Please inform me by telegraph whether you wish me to go to General Rosecrans after the fall of Vicksburg, or whether you have any other orders for me. I should like to go home for a short time.
C. A. DANA.
Honorable E. M. STANTON,
Secretary of War.
BEHIND Vicksburg, June 15, 1863-8 a. m.,
VIA MEMPHIS, June 18-11 a. m. (Received June 20-5. 30 a. M.)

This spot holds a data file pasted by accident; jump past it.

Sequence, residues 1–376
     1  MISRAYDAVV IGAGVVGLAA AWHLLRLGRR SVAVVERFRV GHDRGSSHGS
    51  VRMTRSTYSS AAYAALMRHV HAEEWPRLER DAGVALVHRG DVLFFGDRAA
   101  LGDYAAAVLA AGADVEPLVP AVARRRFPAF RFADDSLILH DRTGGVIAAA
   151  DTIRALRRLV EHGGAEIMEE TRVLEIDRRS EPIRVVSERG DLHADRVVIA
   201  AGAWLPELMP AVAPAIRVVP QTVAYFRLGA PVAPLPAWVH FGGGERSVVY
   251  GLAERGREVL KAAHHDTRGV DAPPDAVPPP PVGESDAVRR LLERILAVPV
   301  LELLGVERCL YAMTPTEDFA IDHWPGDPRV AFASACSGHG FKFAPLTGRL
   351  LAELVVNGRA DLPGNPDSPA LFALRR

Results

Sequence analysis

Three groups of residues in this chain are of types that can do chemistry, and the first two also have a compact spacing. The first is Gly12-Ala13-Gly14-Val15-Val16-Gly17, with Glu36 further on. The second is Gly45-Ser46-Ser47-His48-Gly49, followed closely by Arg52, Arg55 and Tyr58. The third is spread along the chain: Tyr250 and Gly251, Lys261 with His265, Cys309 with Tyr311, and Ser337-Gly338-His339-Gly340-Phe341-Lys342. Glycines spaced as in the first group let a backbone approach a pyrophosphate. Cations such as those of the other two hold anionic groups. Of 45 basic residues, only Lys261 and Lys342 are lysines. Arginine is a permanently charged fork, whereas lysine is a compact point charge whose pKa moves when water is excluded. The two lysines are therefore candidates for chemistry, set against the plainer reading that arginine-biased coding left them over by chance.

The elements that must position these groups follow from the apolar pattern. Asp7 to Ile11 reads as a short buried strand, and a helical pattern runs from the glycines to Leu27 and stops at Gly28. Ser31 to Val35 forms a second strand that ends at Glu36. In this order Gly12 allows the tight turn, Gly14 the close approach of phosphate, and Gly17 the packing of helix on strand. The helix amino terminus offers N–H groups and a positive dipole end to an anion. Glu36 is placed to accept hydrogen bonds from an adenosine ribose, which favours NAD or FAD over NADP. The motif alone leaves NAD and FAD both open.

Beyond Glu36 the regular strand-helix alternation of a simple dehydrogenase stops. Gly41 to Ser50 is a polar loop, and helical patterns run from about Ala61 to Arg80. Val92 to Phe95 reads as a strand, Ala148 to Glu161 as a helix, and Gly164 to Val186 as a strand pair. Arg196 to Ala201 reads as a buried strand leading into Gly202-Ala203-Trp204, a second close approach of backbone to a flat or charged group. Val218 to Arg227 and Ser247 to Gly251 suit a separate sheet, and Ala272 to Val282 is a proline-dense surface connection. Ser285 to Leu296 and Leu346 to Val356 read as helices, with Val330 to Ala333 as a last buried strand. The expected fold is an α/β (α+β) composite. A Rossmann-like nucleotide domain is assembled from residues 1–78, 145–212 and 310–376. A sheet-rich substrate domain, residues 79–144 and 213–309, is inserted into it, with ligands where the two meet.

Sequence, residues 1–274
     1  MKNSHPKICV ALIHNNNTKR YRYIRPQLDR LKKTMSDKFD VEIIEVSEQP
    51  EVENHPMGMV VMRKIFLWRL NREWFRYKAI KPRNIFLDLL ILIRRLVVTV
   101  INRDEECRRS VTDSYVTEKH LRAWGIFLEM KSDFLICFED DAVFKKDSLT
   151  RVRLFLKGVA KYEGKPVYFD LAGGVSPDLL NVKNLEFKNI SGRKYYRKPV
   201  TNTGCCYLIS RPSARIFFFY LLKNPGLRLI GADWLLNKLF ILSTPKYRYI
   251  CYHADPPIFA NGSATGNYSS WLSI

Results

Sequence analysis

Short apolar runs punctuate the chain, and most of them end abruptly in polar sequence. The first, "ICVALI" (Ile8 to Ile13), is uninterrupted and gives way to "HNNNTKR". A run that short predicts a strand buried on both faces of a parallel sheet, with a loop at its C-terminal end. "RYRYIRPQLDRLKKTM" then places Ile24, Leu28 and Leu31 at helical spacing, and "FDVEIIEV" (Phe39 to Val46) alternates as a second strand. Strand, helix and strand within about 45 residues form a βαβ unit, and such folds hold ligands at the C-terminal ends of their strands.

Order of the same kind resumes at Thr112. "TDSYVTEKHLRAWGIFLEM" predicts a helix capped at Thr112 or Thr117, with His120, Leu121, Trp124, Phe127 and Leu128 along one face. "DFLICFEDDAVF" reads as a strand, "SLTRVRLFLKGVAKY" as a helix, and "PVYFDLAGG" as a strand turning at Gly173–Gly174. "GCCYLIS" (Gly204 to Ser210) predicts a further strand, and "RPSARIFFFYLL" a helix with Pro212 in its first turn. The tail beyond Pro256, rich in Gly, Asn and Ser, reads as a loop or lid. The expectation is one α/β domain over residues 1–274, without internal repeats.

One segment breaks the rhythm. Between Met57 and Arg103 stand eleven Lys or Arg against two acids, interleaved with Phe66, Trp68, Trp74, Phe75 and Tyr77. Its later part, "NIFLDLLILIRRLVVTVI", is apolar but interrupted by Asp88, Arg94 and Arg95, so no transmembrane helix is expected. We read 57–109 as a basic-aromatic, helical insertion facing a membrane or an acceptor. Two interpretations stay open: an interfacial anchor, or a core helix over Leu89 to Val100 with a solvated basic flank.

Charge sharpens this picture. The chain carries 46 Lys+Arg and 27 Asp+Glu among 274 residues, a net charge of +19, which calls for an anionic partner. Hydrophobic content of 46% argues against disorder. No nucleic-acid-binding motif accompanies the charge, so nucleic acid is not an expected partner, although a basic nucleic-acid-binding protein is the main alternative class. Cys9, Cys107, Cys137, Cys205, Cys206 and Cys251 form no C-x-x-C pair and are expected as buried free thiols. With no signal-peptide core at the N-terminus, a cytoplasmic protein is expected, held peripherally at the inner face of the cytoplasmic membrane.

General Parke reported here last evening. Three brigades landed at Young's Point yesterday; two more debark to-day. General Parke will take his position on the extreme left of the lines, where General Herron is now posted. General Herron takes Hovey's place, between Generals Lauman and Carr. General Hovey's brigade [DIVISION?] becomes a reserve. The enemy yesterday laid aside his long-standing inactivity, and opened violently with both artillery and musketry. Two mortars placed at the left of our center, in a ravine near the railroad, in front of A. J. Smith, fired during the day some sixty shell at the trenches of Logan, in McPherson's center. These mortars are out of reach of our artillery and sharpshooters. Though they had the range pretty accurately, they accomplished nothing more than wounding one man. On General Sherman's lines the enemy fired vehemently with musketry, but did no great damage. They are hard at work placing a 42-pounder, brought up from their water battery, so as to bear on General Sherman's center. In that place our approach has reached the ditch of their main fort at the salient. It has been Sherman's intention to crown the parapet of this work at that point, but having reason to believe that the enemy have placed a mine there, he is now opening trenches parallel with the ditch along each flank of the work and crown of the glacis instead. The curtains are each about 100 feet long. On each flank Sherman intends to place six 12-pounder howitzers. The violence of yesterday's fire has also led him to place a battery of four 12-pounder howitzers and two 30-pounder Parrotts in an advanced position, within 50 yards of the fort. These batteries were opened at daybreak this morning, with what effect is not reported. The musketry firing about Sherman's sap was active all night on McPherson's right. Morgan gained yesterday an important advantage by permanently occupying a fortification or spur of the ridge along whose crest the enemy's lines extend; hitherto a ravine has extended between him and them. At McPherson's center, Logan told me last evening that his sap yesterday debouched upon the rebels's salient at which he has been working. This fort has no ditch, but is escaped and is 25 feet high, the escarpment being formed by cutting away the natural declivity of the hill. This escarpment McPherson will either dig down or mine. McClernand is pressing his approaches, but is still much farther off than either of the others. He has some heavy 24-pounders in position and is getting up some 8-inch navy guns. On Lauman's front nothing of importance has been done in the way of regular approaches, but rifle-pits have been opened and our lines considerably shortened. Lauman has brought from Warrenton a rebel rifled 64-pounder, and has a 9-inch columbiad derived from the same source ready to place. General Parker's arrival makes a very great addition to our engineering strength in that quarter. Two competent engineers absent on sick leave also returned yesterday, so that we shall no longer be deficient in that regard. General